A collection of values that all have the same data type. The elements of a vector are all numbers, giving a numeric vector, or all character values, giving a character vector. Also, there is another type of vector that is present, which we know it as a logical vector.
13: Creating a Vector
Vectors are variables with one or more than one values of the same type: logical, integer, real, complex, and string. Vectors could also have a length equal to 0.
14: Length of a Vector
Syntax: length(Vector name)
This will show the length of a vector specified.
E.g. length(a)
The length of the longest vector is assigned to a derived vector (created by calculation), here A is of length 5 and B is of length 2:
15: Types of Vectors
Numeric vector
E.g.
a <- c(4,3,6.3,6,-8,9)
Character vector
E.g.
b <- c(“nine”,”two”,”eight”)
Logical vector
E.g.
c <- c(TRUE,TRUE,TRUE,FALSE,TRUE,FALSE)
Next, we learn how to refer to these elements.
E.g. a[c(1,3)] # refers to the 1^{st} and 3^{rd} element of a vector.
16: How to Work with Vectors & Logical Subscripts?
Take the example of a vector containing the 8 numbers, from 0 to 7:
E.g.
y<-0:7
To add up all the values:
E.g. sum(y)
To know how many of the values were less than 3:
E.g.
sum(y<3)
To find the sum of the values of x that are less than 3, we write:
E.g. sum(y[y<5])
To find out the logical condition x<3 is either true or false:
E.g. y<3
17: Vector Functions in R
Important vector functions are listed in the Vector functions used in R.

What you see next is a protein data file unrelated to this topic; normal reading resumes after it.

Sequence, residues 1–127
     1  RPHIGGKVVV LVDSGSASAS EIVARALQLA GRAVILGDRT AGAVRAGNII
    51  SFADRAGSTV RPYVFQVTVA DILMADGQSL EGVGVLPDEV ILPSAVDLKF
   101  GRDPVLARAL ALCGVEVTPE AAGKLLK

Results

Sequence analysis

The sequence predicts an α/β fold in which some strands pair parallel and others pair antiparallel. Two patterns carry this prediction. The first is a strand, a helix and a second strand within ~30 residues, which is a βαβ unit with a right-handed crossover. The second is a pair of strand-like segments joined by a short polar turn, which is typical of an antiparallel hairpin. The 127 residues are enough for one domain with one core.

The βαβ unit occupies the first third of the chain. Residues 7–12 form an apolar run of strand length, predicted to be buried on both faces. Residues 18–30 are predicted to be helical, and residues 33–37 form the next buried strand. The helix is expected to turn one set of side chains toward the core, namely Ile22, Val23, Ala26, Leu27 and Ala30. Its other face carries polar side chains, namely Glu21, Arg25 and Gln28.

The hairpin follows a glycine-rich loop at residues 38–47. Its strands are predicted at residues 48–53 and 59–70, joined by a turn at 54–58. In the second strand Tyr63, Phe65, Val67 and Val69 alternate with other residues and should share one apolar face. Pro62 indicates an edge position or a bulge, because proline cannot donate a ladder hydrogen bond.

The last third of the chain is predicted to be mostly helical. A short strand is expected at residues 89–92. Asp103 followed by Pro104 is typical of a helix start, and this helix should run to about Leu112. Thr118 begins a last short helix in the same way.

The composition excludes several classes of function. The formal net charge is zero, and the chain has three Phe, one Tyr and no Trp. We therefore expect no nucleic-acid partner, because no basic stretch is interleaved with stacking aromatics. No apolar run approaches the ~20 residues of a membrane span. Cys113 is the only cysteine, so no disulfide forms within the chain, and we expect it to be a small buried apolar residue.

All these functions are same as the functions that we use in mathematics. Hope readers understand these basic functions.
18: How to Work with Vectors and Logical Subscripts
To find out the sum of the two largest values in a vector.
First, sort the vector in descending order, then add up the values of the last two elements of the sorted array.
E.g.
Let’s do this in stages. First, the values of a:
a<-c(2,9,9,9,2)
Now if you apply “sort” to this, the numbers will be sorted by ascending sequence,
sort(a)
sum(sort(a)[2:3])
19: Logical Arithmetic
Arithmetic involving TRUE or FALSE can be done in R .
R can coerce TRUE or FALSE into numerical values: 1 for TRUE and 0 for FALSE.
E.g.
a<-0:6
Is a less than 4?
a<4
Any Value greater than 0?
all(a>0)
Any Value greater than -5?
all(a>-5)
Any Value less than 2?
any(a<2)
Sum of values less than 2 in vector a sum(a<2)
We have many other operators which are pretty similar to mathematical operators listed below.